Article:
But this book is not just an explication of Baker’s work. The literary analysis is embedded within a narrative of Hallman’s own journey as a writer, from one location to another, all in the company of his partner Catherine, who is his lover, his confidant, and his foil. The book chronicles the arc of their love as well, sometimes in visceral detail. His love for Catherine mirrors his love for Baker; the two arousals are intertwined. There is no separating bookish love from romantic love or sexual love—they are all hopelessly mixed—and in showing the reader this hopeless mix, Hallman re-solders literature to the fuse of life. Hallman doesn’t just analyze Baker or explicate how the books work. He dramatizes his reading of them and his discovery of how they work, how they are all connected. Book marketing jacket copy is always claiming some new novel is a “literary thriller,” but what Hallman has written is actually literally a literary thriller: it’s a thrilling depiction of him chasing the rabbit of his interest through Baker’s books. How will he put it together? How will the next book rub against the grain of his lived experience? Hallman has covertly written one of those “this is why we read” books, except you will actually want to read his version, because rather than arguing that literature is good medicine or a token of cultural prestige or even just a whole lot of fun, he convinces you that literature is a fundamental facet of life, as requisite as sex, and he convinces you by showing you. “That’s what we should be when we read,” he says at one point, “a precise point of prolonged and intense sensitivity, caught in time and reading.”
If I have one complaint about the book it’s that even though we get plenty of biographical data about Hallman and Catherine, I still feel oddly uninformed at the end. There are moments where the details of their sexual goings on are amply offered, but their relationship remains opaque. The result is a paradox, which has become a frequent trope in much current creative nonfiction. That is, there is a shameless sharing of information, usually sexual activity, and yet there are wide elisions of character. Maggie Nelson’s Bluets had the same mixture of sexual frankness and utter opacity. Reading these books I feel like I’m watching some premium cable Sunday evening program: plenty of distracting flesh but very little inner life. For instance, Catherine awakens in a rage one night over the prospect that Hallman isn’t staying on his side of the bed. She seems hysterical and the relationship feels as if it’s at a boiling point of aggravation. Just what is going on? Hallman escapes to surreptitiously read Baker. But this nocturnal provocation never bears fruit. It just sits there, narratively inert. Likewise, the couple moves from their urban apartment to a former bed and breakfast located in some unspecified rural location because Hallman has acquired a new teaching job, and the general impression is that Catherine hates it there. But why exactly? (Is she teaching there also? What specifically about the place is so bad? And just where on earth is this place? And why so sketchy about seemingly pertinent details?) And at the end of the book, they decide to move to Brooklyn. (Brooklyn!) It seems as if Hallman has given up teaching, but it’s hard to say because the biographical details taper off rather drastically, and so there’s no narrative explanation to why they are moving, what has happened with their careers, and how their various inchoate psycho-romantic complications have resolved themselves, if at all. Are they now equitably sharing the bed? They seem happy at the end of the book, after visiting Baker in person; in fact they seem happy as a consequence of seeing Baker, an apotheosis of their Baker-fueled love—and an apotheosis for the book we’re reading. But, aside from a convenient metaphorical parallel, one doesn’t really understand the true nutritional density of their happiness.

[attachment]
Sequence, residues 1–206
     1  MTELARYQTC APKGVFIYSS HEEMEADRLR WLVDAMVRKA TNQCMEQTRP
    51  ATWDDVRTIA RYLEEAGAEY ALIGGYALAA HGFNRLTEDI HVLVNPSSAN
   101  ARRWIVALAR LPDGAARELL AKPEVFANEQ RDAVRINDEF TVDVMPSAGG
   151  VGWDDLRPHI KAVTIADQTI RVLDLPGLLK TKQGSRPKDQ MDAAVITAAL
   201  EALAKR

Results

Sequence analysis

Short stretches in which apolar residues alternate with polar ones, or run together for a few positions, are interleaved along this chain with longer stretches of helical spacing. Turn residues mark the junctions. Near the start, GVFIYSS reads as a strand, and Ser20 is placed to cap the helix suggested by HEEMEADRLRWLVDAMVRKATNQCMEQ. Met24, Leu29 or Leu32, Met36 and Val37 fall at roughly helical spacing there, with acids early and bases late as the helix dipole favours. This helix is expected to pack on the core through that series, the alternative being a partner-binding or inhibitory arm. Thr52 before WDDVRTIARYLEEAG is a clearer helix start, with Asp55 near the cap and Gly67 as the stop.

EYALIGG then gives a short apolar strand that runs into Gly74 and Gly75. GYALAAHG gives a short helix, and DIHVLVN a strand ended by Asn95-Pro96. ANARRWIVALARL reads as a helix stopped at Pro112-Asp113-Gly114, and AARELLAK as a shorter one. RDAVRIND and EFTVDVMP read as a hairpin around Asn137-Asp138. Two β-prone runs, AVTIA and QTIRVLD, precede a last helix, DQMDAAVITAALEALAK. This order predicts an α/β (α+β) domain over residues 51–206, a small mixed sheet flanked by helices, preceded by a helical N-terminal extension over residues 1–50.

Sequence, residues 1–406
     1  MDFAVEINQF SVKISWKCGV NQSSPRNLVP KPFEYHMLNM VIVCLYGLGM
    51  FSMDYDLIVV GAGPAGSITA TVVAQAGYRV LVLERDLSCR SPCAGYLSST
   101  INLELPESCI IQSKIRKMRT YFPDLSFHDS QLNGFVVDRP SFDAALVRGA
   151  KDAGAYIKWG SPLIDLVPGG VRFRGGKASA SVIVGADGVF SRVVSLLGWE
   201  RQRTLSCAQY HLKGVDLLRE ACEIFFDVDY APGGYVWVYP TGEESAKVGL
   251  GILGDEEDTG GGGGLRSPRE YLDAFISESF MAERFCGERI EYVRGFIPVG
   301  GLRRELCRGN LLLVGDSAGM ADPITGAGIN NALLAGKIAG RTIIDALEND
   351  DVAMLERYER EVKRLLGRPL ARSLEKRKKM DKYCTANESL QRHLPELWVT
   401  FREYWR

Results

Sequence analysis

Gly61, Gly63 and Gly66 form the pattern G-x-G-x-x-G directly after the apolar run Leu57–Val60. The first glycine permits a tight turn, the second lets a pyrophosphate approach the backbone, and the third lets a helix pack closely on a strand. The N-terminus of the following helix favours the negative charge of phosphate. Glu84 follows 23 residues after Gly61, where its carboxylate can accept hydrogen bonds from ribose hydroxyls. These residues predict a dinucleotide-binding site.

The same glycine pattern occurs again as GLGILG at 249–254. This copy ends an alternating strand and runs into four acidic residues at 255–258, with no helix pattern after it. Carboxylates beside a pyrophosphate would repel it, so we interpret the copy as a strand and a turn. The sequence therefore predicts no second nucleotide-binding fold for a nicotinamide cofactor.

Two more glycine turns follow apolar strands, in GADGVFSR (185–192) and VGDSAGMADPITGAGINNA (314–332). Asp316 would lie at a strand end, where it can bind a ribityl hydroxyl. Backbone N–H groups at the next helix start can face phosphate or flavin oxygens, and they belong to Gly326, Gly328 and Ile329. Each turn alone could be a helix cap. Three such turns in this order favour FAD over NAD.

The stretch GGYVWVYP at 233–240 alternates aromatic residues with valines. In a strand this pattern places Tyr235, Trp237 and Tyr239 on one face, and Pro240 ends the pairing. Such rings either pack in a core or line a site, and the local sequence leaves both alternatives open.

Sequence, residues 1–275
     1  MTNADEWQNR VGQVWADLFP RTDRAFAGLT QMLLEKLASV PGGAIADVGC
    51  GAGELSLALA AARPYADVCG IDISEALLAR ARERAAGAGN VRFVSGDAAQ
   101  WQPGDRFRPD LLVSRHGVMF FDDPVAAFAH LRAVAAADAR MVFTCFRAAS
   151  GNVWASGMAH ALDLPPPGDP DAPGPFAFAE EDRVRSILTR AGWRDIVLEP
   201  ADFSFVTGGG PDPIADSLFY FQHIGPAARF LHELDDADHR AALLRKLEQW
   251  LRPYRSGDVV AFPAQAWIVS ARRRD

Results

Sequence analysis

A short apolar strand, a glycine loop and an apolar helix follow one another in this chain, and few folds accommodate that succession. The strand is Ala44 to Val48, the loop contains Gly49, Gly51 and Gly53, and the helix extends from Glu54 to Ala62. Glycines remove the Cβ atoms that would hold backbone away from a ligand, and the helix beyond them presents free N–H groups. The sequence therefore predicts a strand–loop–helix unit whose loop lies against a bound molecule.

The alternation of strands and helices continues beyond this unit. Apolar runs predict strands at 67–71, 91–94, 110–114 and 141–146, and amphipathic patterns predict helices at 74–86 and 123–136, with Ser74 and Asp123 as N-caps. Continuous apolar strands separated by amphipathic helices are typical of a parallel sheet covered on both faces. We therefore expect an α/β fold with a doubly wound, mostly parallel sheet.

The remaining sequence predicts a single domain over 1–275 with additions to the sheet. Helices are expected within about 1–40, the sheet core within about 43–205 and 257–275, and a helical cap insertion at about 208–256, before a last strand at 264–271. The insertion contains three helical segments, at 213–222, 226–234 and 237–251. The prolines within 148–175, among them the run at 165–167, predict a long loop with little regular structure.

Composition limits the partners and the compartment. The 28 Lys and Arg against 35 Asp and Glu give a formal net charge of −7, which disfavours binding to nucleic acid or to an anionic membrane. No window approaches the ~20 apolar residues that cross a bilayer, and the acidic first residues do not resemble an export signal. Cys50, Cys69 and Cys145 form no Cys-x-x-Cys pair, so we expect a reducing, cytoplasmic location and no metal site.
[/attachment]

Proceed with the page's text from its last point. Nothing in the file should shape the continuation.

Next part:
I’m not trying to be hopelessly literal here, but I feel slightly cheated by all of the biographical build-up throughout the book. Perhaps this is one reason why the parts where Hallman is reading and interpreting Baker are vastly more interesting than the biographical bits, even the sex parts. (Perhaps this says more about me than about the book under consideration, but after the initial impressive Emersonian metaphor, the harping on the sex stuff gets slightly boring.) In short, it feels like a cheat, like a tease, like the personal information from Hallman’s life is used as a decoy, as a hook into the analysis of Baker, and then discarded, which is the best case scenario. The worst case scenario is that some of the information is deemed worthy of communicating to the reader (e.g., their bowel movements in Paris) but other information is not. It raises the expectation that we should care about these characters as people, and then all of the detail that we feel we are owed narratively is withheld from us. In the end, Catherine is opaque, and Hallman, for all his forthrightness, still seems selectively inclusive, which is fine. I mean, these are people out in the world. They have their own lives. They don’t have to tell me everything! And yet, I was given the false impression that they were telling me everything.
My own narrative greediness aside, this is a wonderful book, a brave book, which would still succeed even if you’ve never read Baker. To read Hallman read another writer, to participate in the arc of his infatuation, is a delight: it’s what dissertations should be, or as Hallman has it, literary criticism should be “a public display of affection.” In losing his manners and displaying his affection, he makes reading thrilling and necessary. Nick should be proud.
Contributing editor Barrett Hathcock is the author of The Portable Son, a collection of stories. He lives in Jackson, Mississippi.